Human trafficking is not just found in Europe. It is happening right in our back yards in America. These girl’s stories are heart wrenching in their brutality, sad in our response to them, but inspiring when you know the strength and courage of the survivors. Justice for Girls seeks to heighten awareness of human trafficking within communities, using education to empower individuals and groups to actively work to eradicate this injustice.
We share their story with the nation, as well as discuss how we should respond politically and socially to bring justice to the perpetrators and healing to the victims. Through seminars, workshops, public forums, round-table discussions, and partnerships with other organizations, Justice for Girls educates and increases awareness of sex trafficking of children in the United States.
Key leadership inside the Southern Christian Leadership Conference and the Interfaith Children’s Movement have announced that they have joined forces to impact sex trafficking, with a focus on young girls and women.
SCLC’s Special Program “Justice for Girls” Director Cathelean Steele, and ICM’s veteran board member Henrietta Turnquest have aligned their leadership and their organizations. Their alliance, they say, will allow both of their organizations to share information and strategize on joint funding opportunities.
The Interfaith Children’s Movement sex-trafficking initiatives include an “Ask Before You Book” initiative. The campaign asks faith communities to pose questions to potential lodging facilities about their sex trafficking policies prior to booking their events, particularly conventions. http://www.interfaithchildrensmovement.org.
New Orleans is a 300 year old city rich in both history and culture. Mardi Gras, the Jazz and Heritage Festival, and the Vieux Carrie or French Quarters are attractions that are internationally renowned. New Orleans is also the home of HBCUs - Dillard University, Southern University at New Orleans and Xavier University of Louisiana; the Essence Festival, and, the Bayou Classic, where each year nearly 70,000 students and supporters of Grambling State University “Tigers” and the Southern University and A&M College “Jaguars” meet in the Louisiana Superdome in classic gridiron rivalry. It is the city where on February 14, 1957 Rev. Dr. Martin Luther King, Jr. was elected President of what became known as the Southern Christian Leadership Conference. Today, with over one-hundred members, the SCLC New Orleans (LA) Chapter is under the leadership of President Dr. Levon A. LeBan. The 2018-2019 Justice for Girls activities were as follows:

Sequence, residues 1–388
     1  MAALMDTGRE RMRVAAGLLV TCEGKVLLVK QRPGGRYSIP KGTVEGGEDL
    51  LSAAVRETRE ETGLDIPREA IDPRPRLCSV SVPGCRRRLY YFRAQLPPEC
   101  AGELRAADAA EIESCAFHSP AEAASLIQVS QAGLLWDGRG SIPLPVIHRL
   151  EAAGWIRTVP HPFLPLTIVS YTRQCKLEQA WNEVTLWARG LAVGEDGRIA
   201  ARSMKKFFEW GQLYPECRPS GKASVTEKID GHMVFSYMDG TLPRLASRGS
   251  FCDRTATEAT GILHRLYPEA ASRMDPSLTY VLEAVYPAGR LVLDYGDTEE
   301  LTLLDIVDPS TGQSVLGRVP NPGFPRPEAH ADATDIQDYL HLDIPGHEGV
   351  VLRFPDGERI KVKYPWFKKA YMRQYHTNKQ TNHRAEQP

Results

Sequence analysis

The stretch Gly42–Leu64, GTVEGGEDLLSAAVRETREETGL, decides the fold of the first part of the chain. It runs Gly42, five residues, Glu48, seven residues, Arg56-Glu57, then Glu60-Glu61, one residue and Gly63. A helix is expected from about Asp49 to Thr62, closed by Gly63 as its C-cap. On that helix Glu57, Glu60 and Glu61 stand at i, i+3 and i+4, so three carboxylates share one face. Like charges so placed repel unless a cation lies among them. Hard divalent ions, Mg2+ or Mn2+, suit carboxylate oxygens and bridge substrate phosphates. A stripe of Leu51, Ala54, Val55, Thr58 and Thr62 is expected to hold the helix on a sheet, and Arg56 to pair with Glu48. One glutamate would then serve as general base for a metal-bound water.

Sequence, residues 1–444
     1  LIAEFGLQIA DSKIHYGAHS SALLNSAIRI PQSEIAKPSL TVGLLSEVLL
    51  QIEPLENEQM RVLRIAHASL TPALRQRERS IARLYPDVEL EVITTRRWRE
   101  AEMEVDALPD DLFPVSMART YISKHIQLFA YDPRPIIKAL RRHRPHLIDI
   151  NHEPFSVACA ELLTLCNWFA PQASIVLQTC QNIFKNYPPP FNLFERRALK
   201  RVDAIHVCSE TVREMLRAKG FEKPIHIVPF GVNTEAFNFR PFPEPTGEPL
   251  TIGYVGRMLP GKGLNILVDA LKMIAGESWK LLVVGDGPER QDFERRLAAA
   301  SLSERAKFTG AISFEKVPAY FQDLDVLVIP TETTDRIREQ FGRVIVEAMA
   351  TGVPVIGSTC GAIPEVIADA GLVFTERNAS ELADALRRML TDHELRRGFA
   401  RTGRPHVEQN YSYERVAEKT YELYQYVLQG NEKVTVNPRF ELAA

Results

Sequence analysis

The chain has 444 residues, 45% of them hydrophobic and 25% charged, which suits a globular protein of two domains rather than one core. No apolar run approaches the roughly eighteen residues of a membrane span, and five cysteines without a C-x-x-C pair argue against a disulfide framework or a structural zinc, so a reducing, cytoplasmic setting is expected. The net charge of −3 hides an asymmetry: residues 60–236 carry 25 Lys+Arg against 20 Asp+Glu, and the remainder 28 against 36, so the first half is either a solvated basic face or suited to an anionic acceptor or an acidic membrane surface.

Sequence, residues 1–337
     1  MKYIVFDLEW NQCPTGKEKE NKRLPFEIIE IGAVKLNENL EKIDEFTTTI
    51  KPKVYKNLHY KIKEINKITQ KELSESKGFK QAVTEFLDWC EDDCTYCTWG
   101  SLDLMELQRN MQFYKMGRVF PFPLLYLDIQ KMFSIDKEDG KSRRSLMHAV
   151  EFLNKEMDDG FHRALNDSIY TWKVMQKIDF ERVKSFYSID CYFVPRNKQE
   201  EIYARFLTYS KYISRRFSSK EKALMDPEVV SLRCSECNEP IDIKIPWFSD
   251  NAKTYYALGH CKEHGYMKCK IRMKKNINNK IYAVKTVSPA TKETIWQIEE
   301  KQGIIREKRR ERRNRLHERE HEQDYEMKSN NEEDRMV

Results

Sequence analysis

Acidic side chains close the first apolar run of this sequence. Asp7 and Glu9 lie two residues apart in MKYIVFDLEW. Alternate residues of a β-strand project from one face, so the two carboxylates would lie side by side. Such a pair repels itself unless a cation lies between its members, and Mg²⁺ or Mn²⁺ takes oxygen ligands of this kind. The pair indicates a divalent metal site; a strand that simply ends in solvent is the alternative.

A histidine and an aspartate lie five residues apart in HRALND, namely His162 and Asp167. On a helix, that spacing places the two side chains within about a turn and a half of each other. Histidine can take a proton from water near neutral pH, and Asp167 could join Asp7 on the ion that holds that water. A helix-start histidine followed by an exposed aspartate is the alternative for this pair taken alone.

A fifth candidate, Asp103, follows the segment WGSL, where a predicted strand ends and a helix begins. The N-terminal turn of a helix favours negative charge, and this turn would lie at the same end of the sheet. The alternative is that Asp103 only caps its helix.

The first Justice for Girls activity was a planning breakfast designed to introduce Human Trafficking to Faith-based Auxiliary Leaders in the metropolitan area. Independent Police Monitor Susan Hutson addressed the attendees with crucial remarks about trafficking, especially in the metro area.
Months later, Mrs. Cathelean C. Steele was invited to keynote the first Justice for Girls Symposium. Supporting the “awareness” theme where representatives from the: Federal Bureau of Investigation; Louisiana Bureau of Investigation; Louisiana Alcohol and Tobacco Commission; Orleans Parish Criminal Sheriff; Independent Police Monitor; community leaders and authors, etc. All participated under the banner of the SCLC Justice for Girls Initiative.
The third activity involved 27 youth (23 girls/4 boys) in a Saturday Self-Defense Session where several members of the NOPD (New Orleans Police Department) volunteered to train youth in basic self-defense if approached by a stranger. Also, social workers from the Millie M. Charles School of Social Work spoke to the youth about what to do if they felt uncomfortable around certain family members or neighbors.
A fourth program included a group of parents that were introduced to the Justice for Girls, many of which were unaware of the complexity and severity of human trafficking in Louisiana.
Fifth, this past spring, we presented Justice for Girls Human Trafficking Awareness to M.S.W. classes at Southern University at New Orleans. As a direct result of the presentation, thirty students joined the SCLC New Orleans Chapter!
Human Trafficking is an international problem.
Click here to find resources in the New Orleans Metro Area.
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